Missing photographs of the existing drawings. Where are they?

Very often we have to deal with 19th century drawings similar to the below-linked examples:


Until 03/04/1880, magazines and newspapers were publishing drawings instead of photographs. Apparently, they had no choice, because there was no technology allowing to publish actual photographs. And if we were to believe the U.S. Library of Congress - prior to 1880 - newspapers had an army of sketch artists running around and producing various illustrations.
  • The first photograph published in an American newspaper - actually a photomechanical reproduction of a photograph - appeared in the Daily Graphic on March 4, 1880.
  • Before that time it was common practice for American editors to enlist artists to sketch and report on news events, from steamboat explosions to the battles of the Civil War.
  • It was not until 1919, with the launching of New York's Illustrated Daily News, that American newspapers began to feature photographs routinely.
  • The lighter cameras and "faster" lenses introduced in the 1920s brought about a revolution in news photography, ushering in the age of photojournalism.
Well... it sure looks like they were real busy sketching things, that's for sure. It also looks like many of their sketches (if not all) had a real photograph for a twin.

1864
Grue du Viaduc
A crane in the port of Brest, France, engraving from L'Illustration, Journal Universel, No 121...jpg

Source - Source

1863
The Russian Atlantic Squadron Command
russian_sailors_ny-xz.jpg


I see only two possible explanations of this:
  • 1. Artists had to manually reproduce photographs, because there was no technology to print actual photographs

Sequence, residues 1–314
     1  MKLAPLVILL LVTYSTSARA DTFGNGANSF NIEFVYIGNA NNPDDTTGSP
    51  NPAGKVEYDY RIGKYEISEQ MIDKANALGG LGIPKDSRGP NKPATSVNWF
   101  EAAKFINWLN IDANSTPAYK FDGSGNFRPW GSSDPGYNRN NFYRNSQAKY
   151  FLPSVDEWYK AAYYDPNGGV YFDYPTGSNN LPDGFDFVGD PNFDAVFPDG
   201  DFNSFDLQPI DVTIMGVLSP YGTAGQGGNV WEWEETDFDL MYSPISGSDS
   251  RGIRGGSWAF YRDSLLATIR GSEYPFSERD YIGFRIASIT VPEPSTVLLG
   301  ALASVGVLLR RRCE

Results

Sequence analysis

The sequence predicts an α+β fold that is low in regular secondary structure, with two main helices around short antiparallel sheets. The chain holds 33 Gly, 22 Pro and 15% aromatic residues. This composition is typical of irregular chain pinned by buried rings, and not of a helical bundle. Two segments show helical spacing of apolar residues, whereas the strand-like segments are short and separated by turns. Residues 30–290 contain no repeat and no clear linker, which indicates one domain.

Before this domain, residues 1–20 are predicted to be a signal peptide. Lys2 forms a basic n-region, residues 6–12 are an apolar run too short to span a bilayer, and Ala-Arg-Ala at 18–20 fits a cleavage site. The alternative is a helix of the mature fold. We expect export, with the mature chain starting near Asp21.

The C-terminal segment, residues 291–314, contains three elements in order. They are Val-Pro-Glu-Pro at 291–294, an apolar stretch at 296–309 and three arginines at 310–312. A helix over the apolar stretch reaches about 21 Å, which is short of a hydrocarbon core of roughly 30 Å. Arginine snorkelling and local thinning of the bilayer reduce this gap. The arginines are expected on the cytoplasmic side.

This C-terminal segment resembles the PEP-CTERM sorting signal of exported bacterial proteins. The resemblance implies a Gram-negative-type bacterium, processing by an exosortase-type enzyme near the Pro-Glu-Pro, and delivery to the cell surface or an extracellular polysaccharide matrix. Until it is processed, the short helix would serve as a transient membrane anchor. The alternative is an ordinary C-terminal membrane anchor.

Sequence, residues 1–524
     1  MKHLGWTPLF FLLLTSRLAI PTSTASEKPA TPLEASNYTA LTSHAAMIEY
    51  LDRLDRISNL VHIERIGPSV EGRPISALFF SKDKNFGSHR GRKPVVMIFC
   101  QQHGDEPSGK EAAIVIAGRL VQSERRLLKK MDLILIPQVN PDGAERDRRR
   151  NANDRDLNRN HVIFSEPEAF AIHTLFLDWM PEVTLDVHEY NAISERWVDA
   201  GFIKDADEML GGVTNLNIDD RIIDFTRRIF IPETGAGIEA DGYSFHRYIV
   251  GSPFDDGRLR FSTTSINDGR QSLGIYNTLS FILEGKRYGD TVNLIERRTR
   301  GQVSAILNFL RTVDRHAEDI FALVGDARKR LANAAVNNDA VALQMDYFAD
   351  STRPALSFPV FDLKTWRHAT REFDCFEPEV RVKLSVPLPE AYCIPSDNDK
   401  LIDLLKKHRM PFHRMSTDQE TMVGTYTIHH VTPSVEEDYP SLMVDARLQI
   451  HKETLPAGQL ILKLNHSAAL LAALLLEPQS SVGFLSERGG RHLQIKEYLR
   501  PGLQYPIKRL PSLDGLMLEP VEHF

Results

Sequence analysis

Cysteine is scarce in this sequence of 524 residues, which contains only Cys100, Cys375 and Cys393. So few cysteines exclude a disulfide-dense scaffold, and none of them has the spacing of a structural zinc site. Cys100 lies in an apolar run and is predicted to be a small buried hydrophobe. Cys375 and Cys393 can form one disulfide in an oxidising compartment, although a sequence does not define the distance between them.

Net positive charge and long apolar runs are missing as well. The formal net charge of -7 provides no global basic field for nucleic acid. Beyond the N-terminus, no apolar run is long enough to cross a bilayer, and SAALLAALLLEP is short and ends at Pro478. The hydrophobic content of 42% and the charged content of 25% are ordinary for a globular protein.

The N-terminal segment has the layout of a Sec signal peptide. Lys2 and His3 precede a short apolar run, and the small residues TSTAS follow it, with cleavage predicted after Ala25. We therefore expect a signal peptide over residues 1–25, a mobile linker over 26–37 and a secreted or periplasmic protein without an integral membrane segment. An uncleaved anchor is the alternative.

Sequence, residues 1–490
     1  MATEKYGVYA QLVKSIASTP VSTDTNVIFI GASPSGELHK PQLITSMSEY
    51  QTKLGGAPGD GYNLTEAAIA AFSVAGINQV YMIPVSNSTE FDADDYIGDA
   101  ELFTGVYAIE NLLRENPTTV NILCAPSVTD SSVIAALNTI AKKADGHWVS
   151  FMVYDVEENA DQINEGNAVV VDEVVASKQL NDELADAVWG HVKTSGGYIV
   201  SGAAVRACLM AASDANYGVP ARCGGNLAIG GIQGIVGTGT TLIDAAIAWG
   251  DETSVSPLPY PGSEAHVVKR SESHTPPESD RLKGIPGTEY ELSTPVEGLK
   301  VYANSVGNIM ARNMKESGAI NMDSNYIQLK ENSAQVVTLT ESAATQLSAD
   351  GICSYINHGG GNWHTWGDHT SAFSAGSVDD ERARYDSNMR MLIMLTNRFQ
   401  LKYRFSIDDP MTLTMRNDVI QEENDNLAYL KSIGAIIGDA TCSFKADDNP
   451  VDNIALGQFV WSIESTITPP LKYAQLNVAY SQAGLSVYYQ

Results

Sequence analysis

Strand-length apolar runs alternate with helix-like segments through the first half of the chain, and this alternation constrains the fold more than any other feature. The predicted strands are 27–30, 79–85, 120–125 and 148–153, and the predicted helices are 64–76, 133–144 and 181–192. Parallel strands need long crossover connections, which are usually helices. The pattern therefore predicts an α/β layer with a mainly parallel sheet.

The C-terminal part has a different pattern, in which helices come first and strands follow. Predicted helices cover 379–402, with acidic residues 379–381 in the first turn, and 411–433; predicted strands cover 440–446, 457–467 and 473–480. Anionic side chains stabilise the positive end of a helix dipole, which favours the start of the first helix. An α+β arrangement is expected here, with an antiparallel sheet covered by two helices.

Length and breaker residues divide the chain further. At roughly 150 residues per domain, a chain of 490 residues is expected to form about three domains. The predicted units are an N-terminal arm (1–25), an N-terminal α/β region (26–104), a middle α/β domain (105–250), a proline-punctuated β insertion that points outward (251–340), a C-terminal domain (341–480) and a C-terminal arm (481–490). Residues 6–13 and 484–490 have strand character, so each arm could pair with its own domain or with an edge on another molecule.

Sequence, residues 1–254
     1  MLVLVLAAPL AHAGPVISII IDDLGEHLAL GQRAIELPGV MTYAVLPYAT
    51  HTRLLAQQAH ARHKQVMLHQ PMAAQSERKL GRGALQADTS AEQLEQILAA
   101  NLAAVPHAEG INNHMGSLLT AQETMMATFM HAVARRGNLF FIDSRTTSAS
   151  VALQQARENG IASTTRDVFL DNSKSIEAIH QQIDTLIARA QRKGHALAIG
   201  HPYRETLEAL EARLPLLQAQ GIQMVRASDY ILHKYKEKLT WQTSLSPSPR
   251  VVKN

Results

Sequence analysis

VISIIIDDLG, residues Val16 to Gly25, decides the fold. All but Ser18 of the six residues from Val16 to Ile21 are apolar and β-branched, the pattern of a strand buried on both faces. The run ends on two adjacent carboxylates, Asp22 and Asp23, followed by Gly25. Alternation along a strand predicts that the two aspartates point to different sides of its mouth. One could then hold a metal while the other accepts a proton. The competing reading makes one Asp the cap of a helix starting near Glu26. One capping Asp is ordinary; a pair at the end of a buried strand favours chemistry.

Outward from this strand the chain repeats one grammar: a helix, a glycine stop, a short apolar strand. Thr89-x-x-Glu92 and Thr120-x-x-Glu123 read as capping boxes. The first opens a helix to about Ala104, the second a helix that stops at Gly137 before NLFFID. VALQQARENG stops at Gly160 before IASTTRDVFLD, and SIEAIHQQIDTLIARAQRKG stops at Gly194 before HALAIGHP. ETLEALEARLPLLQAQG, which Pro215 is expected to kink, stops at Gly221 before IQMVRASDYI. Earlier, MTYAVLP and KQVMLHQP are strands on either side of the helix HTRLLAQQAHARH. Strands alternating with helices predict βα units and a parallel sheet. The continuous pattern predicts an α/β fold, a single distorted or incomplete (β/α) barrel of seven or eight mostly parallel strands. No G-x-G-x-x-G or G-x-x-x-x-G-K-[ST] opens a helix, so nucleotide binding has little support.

• If that was the case, where are the thousands of missing photographs represented by the thousands of existing sketches?
  • 2. There was a specific sinister reason to show us sketches instead of the actual photographs.


KD: Looks like there could be tons of amazing/revealing photographs we have not seen yet. Some definitely did not make it through the wheels of time and censorship, while others are being kept in private collections. From time to time, such previously unknown photographs pop up on our radar through Sotheby's, eBay and other channels. Here is one example.
As far as this small article goes... if you run into a 19th century photograph, represented by a 19th century drawing, please share what you've got. I will put them side by side like I did with the images above. This could serve as a tool to demonstrate that many drawings did represent real things.
  • Wouldn't it be cool to find a photograph used to sketch something similar to the below 1882 aircraft?
 

northernlight

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Take out the Norman Rockwellian characters and I think this is a contender. The characters appear to be composites, they don't match the contrast of the rest of the image (i.e. the missing photograph). This is Crystal Palace, New York, in 1854.

Elisha_OTIS_1854.jpg

Crystal Palace in New York looked quite amazing. Quite a shame that it caught fire.

crystal_palace_ny.jpeg

Burning_of_the_New_York_Crystal_Palace,_on_Tuesday_Oct._5th,_1858._During_its_occupation_for_t...jpg
 
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